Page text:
Lightning occurs when a combination of natural weather conditions come together to create an electrical impulse. Lightning can occur many miles from the parent thunderstorm – outside the actual storm and visible thundercloud. Caution must be exerted as the storm approaches and for a substantial time period after the storm. Lightning can not occur in the absence of thunder; however, thunder is not always heard.

Approximately 1/3 of all individuals struck by lightning are involved in some type of recreational activity, either as a participant or as a spectator. Within the United States, the National Oceanographic and Atmospheric Administration (NOAA) estimates that 60-70 fatalities and about 10 times as many injuries occur from lightning strikes each year. Understanding basic lightning principles and following proper safety precautions can decrease the risk of lightning related injury.

In preparation for practice and games, it is important that an emergency action plan (EAP) is in place, and that preparation for thunderstorms, lightning and other weather-related issues are considered as part of the EAP. Education, prevention and planned access to early defibrillation are essential for weather related injury.

Several resources are available that discuss lightning related injury, including the National Weather Service (NWS), National Collegiate Athletics Association (NCAA), National Federation of State High School Associations (NFHS),and the National Athletic Trainers Association (NATA). These resources and other scientific references were utilized to form the following US Lacrosse recommendation.

Recommendation of US Lacrosse

It is the recommendation of US Lacrosse that all organizations, facilities, administrators, athletic medicine staff and coaches follow an EAP with specific guidelines for severe weather that may include lightning. The EAP should be developed by those who are familiar with the athletic venue as well as surrounding emergency medical facilities. It is important that anyone using the facility is aware of the EAP specific to that site, including organizing bodies, administrators, coaches and athletes.

Emergency Action Plan: Weather Related Issues

The EAP should include the following components:

  1. Established Chain of Command
    There is generally a hierarchy of individuals responsible for game management and medical issues as well as determining if play should be suspended. Individuals included in this chain of command can include administrators, officials, physicians, certified athletic trainers, coaches, parents, and athletes.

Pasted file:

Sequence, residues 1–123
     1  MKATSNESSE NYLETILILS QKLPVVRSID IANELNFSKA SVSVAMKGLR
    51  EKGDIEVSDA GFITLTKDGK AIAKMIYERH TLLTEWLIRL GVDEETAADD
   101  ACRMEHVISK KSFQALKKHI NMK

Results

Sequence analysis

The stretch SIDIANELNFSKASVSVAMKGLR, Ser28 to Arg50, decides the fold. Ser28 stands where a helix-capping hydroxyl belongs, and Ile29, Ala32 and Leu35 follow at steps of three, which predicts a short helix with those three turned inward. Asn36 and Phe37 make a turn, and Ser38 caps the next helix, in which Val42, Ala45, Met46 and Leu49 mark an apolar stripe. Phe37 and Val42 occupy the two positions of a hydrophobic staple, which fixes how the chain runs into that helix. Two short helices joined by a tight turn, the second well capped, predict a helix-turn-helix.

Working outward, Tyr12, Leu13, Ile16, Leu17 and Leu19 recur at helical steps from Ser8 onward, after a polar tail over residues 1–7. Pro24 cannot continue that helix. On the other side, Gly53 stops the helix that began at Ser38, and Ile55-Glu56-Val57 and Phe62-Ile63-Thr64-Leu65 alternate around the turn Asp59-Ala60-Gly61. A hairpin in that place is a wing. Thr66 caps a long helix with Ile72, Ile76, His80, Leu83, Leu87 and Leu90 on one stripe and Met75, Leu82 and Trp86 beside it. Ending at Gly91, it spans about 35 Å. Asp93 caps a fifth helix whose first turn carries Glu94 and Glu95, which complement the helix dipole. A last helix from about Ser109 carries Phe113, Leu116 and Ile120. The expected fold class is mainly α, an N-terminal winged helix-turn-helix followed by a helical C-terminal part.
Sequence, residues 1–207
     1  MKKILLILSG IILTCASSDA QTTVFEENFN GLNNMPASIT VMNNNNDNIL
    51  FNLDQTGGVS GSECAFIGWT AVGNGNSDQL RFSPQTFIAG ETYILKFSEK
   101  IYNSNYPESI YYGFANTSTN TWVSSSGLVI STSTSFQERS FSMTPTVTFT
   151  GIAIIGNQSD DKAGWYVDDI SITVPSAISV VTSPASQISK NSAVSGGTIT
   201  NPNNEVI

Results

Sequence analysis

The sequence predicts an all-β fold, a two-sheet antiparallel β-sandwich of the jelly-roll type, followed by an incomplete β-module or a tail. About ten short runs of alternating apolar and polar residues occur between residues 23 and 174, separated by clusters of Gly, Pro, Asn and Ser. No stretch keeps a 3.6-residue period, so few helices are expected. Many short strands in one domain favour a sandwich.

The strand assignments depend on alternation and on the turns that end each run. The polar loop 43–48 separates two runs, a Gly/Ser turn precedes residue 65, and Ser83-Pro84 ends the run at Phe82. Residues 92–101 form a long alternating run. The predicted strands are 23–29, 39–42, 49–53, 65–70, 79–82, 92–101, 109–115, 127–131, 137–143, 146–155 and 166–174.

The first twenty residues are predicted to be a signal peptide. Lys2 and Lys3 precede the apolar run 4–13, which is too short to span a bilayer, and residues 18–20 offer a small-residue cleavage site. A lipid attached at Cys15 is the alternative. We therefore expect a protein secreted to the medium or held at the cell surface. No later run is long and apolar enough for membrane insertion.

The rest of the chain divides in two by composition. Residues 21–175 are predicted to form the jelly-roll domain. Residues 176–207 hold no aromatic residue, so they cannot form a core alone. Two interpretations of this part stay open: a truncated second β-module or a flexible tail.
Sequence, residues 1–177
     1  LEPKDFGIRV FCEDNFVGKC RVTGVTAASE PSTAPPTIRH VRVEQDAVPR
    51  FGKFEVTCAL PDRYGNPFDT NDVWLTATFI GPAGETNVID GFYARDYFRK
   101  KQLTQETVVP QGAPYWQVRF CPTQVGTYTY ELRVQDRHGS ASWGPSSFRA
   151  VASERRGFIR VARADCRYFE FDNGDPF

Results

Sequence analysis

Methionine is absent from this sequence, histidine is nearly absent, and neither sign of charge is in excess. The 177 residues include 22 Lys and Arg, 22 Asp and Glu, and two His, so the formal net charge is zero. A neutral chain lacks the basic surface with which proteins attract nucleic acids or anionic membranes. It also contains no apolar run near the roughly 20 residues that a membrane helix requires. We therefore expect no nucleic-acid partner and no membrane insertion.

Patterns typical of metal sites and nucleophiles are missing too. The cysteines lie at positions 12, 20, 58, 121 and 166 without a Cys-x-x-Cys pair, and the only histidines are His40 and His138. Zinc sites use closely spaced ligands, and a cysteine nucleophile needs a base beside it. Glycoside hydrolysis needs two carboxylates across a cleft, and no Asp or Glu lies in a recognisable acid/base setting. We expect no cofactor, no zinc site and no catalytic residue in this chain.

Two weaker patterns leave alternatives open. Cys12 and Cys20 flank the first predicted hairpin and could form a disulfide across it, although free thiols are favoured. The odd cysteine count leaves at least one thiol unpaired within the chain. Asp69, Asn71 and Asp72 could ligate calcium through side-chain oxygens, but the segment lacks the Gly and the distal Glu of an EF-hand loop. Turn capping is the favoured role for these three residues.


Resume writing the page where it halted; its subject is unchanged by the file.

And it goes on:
• Rule books put the authority in the hands of the referee to make the call to leave the field in inclement weather. However, it is important that members of the coaching staff as well as others provide input to the officials prior to the decision to seek safe shelter. At a practice, coaches, athletic trainers, and other personnel are urged to follow these recommendations to provide a safe environment.
  2. Designated Person to Monitor Weather
    A designated person to watch the weather and evaluate whether the activity should be suspended or postponed. Prior to the individual practice/game, the outdoor weather should be noted. If a thunderstorm is imminent, the practice/game should be suspended or postponed. Imminent refers to dark clouds with winds picking up in intensity, sounds of thunder, or lightning in the distance. Such conditions indicate that the weather is not conducive to safe playing and spectating conditions. If practice or play has already begun, any sign of an imminent storm should be watched for and cessation of play considered. It must also be remembered that sounds of thunder can be diminished in urban areas, by surrounding mountains, trees, or buildings. Therefore, if lightning is seen, activities should be suspended and participants and spectators should head for designated safer locations.
  3. Weather Monitoring
    Several forms of weather monitoring exist, including local television news coverage, Internet, cable and satellite weather programming, lightning monitoring systems, and the National Weather Service ( The National Weather Service issues thunderstorm "watches" or "warnings", where the former means that severe weather is likely to develop in an area, and the latter meaning that severe weather has been reported in the area. Both "watches" and "warnings" should signify an elevated level of concern for the possibility of lightning.

    If more sophisticated monitoring is not available, the "flash-to-bang standard" can be used to estimate the distance to a lightning flash. The flash-to-bang method does not require any sophisticated equipment and is thus convenient and can be used to determine when to suspend or postpone activities. The flash-to-bang method is based on the fact that light travels faster than sound. To use the flash-to-bang method, begin counting on the lightning flash, and stop counting when the associated clap of thunder is heard. Divide the time to thunder (in seconds) by 5 to determine the distance (in miles) to the lightning flash. For example, an observer obtains a count of 30 seconds from the time he or she spots the flash to when the thunder is heard. Thirty divided by 5 equals 6, therefore that lightning flash was 6 miles from the observer.